Thursday, September 02, 2021

old and new. The Weber, from @humanprovince. I used a different translation.


In America there are comparatively few who are rich enough to live without profession. Every profession requires an apprenticeship, which limits the time of instruction to the early years of life. At fifteen they enter upon their calling, and thus their education ends at the age when ours begins. Whatever is done afterwards is with a view to some special and lucrative object; a science is taken up as a matter of business, and the only branch of it which is attended to is such as admits of an immediate practical application.


Always the same. The deliberate consciousness of Americans so fair and smooth-spoken, and the under-consciousness so devilish. Destroy! destroy! destroy! hums the under-consciousness. Love and produce! Love and produce! cackles the upper consciousness. And the world hears only the Love-and-produce cackle. Refuses to hear the hum of destruction underneath. Until such time as it will have to hear. 


There is a further difference between America and Germany. This is that in Germany the lecturer is less concerned with lecturing than he might wish. He does indeed have the right to lecture on any topic in his discipline. But to make use of that right is thought to show an unseemly lack of respect toward lecturers with greater seniority, and as a rule the "major" lectures are given by the professor as the departmental representative of the discipline while the lecturer makes do with ancillary lectures. The advantage of this is that he can devote his early years to research, even though he may not do so entirely voluntarily.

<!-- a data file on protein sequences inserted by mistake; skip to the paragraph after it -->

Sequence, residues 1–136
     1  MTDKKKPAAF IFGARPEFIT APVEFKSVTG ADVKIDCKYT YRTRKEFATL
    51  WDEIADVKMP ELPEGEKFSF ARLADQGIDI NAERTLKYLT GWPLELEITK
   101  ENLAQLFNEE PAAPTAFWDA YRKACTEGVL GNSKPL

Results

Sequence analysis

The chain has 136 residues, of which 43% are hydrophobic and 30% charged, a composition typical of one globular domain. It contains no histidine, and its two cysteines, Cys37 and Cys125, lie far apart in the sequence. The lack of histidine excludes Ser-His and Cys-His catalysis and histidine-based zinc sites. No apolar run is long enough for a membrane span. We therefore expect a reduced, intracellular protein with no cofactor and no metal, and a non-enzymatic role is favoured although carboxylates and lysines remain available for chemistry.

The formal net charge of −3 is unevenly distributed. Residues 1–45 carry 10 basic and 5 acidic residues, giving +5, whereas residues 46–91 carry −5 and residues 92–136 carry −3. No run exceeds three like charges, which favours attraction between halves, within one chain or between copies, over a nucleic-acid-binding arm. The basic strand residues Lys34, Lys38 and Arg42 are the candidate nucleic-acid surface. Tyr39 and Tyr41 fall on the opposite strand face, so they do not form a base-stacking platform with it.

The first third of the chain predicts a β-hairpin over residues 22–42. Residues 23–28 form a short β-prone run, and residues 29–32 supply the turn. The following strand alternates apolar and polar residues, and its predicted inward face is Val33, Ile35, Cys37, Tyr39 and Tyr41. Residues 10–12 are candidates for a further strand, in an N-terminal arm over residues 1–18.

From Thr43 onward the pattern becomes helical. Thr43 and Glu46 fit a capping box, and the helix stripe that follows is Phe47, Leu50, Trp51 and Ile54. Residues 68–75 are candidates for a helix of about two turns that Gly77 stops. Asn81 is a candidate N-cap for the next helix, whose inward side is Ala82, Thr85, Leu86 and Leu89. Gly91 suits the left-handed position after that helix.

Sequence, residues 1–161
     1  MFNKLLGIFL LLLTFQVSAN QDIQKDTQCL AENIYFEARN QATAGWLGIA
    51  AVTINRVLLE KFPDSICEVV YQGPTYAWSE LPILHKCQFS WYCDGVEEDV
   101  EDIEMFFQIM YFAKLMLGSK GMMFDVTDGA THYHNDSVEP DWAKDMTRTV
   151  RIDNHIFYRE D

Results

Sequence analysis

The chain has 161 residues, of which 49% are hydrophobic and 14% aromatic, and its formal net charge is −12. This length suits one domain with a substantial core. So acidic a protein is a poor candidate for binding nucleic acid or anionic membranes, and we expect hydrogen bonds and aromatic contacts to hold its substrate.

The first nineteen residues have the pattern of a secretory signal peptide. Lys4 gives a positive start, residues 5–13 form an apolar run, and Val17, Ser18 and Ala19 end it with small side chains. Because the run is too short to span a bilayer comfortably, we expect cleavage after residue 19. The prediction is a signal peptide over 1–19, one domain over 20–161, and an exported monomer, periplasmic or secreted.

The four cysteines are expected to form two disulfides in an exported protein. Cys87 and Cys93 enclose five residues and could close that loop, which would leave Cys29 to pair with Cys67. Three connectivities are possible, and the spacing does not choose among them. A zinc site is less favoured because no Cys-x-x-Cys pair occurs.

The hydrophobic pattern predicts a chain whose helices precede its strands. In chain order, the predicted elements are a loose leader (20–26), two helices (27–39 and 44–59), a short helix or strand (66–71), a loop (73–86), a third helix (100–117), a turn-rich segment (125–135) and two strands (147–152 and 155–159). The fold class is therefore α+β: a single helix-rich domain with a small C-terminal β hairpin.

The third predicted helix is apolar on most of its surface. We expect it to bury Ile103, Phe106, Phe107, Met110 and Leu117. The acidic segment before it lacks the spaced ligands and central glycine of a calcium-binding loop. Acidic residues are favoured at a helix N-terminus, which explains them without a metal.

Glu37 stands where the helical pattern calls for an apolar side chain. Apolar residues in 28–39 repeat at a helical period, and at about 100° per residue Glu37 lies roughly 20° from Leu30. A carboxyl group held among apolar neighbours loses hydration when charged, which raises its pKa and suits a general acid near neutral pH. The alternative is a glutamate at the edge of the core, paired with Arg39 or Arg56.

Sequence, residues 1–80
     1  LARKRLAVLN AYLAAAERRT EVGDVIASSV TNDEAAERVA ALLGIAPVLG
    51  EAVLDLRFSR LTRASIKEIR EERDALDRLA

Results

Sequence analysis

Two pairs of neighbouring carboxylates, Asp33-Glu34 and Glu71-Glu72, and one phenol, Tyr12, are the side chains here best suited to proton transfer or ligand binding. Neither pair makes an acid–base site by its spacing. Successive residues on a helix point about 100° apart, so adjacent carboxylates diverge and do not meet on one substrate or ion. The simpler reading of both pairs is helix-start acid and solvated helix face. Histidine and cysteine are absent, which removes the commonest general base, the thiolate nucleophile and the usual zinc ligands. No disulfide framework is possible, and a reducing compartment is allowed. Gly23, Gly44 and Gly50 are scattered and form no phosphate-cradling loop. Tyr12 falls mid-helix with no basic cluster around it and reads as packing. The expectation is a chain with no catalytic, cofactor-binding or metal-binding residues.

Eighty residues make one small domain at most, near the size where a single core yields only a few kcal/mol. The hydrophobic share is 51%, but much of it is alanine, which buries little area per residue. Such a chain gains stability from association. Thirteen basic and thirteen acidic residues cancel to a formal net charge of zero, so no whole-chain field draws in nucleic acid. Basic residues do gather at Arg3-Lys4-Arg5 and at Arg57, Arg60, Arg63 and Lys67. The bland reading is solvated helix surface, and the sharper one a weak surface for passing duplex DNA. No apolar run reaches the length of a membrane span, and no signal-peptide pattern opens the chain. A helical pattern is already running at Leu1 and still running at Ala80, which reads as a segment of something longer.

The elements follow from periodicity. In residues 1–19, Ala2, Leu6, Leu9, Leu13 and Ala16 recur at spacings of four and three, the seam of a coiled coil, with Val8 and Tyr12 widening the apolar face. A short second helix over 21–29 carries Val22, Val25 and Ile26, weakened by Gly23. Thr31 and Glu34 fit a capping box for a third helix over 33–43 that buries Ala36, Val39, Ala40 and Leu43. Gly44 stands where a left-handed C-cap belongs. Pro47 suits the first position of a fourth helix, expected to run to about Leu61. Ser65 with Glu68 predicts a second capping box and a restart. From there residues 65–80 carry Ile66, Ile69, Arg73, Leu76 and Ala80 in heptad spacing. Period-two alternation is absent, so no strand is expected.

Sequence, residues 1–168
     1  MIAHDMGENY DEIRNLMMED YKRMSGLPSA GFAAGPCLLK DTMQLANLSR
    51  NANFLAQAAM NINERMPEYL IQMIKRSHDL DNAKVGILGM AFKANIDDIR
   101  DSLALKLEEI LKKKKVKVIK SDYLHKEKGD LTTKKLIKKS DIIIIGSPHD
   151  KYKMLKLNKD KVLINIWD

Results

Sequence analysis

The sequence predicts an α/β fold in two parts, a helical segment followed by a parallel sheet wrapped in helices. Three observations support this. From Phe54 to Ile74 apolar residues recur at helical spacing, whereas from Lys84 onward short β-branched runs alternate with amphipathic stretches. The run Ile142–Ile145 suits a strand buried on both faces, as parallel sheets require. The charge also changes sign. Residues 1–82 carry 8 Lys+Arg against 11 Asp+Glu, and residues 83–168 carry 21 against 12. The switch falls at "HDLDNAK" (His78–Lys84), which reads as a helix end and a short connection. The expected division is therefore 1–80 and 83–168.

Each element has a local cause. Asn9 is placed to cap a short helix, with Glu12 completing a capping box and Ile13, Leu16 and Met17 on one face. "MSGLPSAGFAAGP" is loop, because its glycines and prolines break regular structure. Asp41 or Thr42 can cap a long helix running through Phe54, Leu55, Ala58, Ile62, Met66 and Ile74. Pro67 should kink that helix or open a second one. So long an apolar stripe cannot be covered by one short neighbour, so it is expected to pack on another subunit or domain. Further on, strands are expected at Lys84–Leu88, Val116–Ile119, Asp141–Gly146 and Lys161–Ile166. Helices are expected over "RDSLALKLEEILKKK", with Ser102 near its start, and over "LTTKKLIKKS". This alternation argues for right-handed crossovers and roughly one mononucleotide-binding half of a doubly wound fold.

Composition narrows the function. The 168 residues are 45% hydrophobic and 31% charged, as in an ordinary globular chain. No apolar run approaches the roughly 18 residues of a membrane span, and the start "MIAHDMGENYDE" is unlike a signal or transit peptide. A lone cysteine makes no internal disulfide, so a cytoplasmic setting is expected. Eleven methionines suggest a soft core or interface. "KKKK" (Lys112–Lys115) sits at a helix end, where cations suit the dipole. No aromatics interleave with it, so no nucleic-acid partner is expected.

In America the system is organized on entirely different principles. In his early years the young lecturer is completely overloaded precisely because he is paid. In a department of German studies, for example, the full professor will give a three-hour course of lectures a week on, say, Goethe, and that is all, while the junior university assistant will have twelve hours teaching a week, including the duty of drumming the basics of German grammar into students' heads, and he will be happy if he is assigned the task of lecturing on writers up to the rank of, say, Uhland.

On academia, also Turner, and Krieger, Arendt, Panofsky, et al. Wissenschaften. Also Veysey (I thought I'd written something on it. I can't find references on my computer. I bought the book. I'm betting I found it through a reference in a pdf somewhere without searchable text!

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